I know there are a lot of problems with this. The phenomenon of the scientific ‘fad’ for one. An idea sounds cool, so we jump in as a group, and naturally try to publish as much as we can, citing each other in the process. That isn't necessarily a bad thing, we probably learn quite a bit. But it still feels like something ephemeral, so maybe that isn't a good thing (but again, I'm not so sure). On the other hand, we know that it often happens that a wave that has ‘come and gone’ may come round for another go; we ‘rediscover’ the value in a particular approach and it takes off again. Perhaps the technology had not been sufficient the first time around and new tech has lifted the prospects for new discovery in the area. And we don't want to equate what's ‘useful and important’ with ‘how many citations did it get.’ But, much as I dislike the idea, they often coincide. Especially if we define ‘useful and important’ as ‘something I'm going to work on, and cite,’ which might not be entirely wrong.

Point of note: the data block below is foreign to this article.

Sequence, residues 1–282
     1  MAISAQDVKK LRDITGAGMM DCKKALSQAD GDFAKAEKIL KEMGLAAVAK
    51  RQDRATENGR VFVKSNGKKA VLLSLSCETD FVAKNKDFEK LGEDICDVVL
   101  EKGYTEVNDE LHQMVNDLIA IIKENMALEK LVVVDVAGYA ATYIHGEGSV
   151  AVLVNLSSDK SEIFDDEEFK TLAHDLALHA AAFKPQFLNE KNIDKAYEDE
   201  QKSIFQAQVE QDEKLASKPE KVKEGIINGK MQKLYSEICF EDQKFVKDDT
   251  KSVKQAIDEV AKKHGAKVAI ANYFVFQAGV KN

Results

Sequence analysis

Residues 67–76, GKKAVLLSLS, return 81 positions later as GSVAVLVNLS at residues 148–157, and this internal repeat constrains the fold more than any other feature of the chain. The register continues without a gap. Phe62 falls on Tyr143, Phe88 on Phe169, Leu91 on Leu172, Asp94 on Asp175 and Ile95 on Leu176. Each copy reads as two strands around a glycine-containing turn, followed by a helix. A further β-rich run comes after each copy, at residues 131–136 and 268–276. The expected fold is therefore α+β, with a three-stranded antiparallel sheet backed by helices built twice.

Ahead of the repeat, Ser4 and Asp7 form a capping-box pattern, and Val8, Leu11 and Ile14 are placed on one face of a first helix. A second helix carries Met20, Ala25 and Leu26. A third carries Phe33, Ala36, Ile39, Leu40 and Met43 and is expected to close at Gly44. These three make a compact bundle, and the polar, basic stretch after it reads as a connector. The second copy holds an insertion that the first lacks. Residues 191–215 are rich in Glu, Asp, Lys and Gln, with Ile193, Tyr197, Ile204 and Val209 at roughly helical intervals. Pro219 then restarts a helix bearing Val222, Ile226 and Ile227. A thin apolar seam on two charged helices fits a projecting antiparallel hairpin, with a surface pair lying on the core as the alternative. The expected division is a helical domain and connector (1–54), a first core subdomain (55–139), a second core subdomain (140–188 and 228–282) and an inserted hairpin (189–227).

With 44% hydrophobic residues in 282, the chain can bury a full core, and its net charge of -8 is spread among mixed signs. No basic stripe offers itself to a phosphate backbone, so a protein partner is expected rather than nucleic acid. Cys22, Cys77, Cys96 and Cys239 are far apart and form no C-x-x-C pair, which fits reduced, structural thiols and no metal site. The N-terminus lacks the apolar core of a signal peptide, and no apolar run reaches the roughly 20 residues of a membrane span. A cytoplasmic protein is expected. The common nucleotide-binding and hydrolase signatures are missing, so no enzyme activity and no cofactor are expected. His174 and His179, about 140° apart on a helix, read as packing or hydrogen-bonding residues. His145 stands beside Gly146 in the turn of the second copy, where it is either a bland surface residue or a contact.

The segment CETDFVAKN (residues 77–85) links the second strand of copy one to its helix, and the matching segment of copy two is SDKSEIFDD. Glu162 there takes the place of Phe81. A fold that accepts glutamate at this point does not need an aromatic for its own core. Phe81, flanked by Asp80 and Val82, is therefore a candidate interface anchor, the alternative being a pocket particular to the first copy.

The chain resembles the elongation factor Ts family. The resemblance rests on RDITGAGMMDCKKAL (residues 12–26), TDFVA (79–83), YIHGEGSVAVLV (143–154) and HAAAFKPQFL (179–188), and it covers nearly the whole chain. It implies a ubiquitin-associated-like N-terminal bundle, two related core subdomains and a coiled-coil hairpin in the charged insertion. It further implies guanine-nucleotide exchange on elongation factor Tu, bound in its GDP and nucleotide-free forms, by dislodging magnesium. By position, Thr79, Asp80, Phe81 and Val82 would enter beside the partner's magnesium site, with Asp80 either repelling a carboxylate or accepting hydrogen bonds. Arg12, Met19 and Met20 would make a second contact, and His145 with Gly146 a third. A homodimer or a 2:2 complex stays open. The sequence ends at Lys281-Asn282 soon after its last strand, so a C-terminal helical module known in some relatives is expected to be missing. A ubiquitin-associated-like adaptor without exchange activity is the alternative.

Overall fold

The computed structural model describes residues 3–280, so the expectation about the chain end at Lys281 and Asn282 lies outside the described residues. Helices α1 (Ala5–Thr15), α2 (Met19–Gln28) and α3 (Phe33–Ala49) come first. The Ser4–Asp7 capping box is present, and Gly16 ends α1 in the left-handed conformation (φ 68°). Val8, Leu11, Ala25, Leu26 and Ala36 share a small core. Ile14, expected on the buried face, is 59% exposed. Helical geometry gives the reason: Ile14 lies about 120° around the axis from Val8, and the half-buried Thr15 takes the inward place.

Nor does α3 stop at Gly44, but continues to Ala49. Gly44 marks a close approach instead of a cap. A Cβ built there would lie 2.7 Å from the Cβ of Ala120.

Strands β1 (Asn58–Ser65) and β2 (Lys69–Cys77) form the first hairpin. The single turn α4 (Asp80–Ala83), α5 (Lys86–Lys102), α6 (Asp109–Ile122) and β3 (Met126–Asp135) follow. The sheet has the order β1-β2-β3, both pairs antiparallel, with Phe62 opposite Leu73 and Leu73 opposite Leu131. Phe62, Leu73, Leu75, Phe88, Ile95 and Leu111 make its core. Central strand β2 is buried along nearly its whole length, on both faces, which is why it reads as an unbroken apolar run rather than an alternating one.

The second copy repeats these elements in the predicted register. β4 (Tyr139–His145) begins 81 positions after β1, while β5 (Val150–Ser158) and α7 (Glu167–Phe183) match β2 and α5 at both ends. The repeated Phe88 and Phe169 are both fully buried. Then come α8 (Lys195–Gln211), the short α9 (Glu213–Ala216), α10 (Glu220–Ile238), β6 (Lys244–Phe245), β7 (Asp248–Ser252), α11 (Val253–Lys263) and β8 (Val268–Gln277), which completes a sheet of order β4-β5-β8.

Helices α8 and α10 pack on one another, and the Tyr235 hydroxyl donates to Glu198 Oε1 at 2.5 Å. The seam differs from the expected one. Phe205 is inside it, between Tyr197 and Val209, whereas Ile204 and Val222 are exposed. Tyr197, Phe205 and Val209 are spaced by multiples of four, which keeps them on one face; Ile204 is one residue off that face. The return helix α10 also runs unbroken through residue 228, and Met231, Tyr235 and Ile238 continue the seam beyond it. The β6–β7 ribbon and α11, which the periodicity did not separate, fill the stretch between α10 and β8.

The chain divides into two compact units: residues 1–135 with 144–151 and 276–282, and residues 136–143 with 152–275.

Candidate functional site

In the end, we just don't know where the answers will lie to those questions that occupy our days. But at the same time, we should be wary of the group mentality that says, ‘if others think this is the right path, maybe they know something I don't.’ Of course, it's easier to move with the herd (or hunting party, or biggest fishing boat), and it's also more likely that they will ultimately support our efforts than if we go in a completely different direction. I'm only suggesting that we take a break, now and then, to see where we are, and if it might not be worth trying a different route.
Fortunately, for many of us (and I like to think for most of us), we can have it both ways. I almost said, have our cake and eat it too, but then I'd want cake, and I want to finish this thought first. (Then maybe I'll go have cake.) We set off with the group and contribute to the joint effort as much as we can. But we're also individuals. And we can take it on ourselves to take a few chances, explore some new avenues. Sometimes, although not often, we find something unexpected, and we can decide on our own to take a detour in that direction. When we do that, we may be disappointed to find that others have not picked up on our efforts. But now and then, we present our out-of-the-box work, and we see a wave. The questions come flying at us, maybe to be followed by other researchers coming on board in time, and we've managed to set a new course. That's the sort of wave I always hope to set off. Now and then, I do.
But now I really do want to find that cake. I can watch the rest of the game on my iPhone.
- © 2016. Published by The Company of Biologists Ltd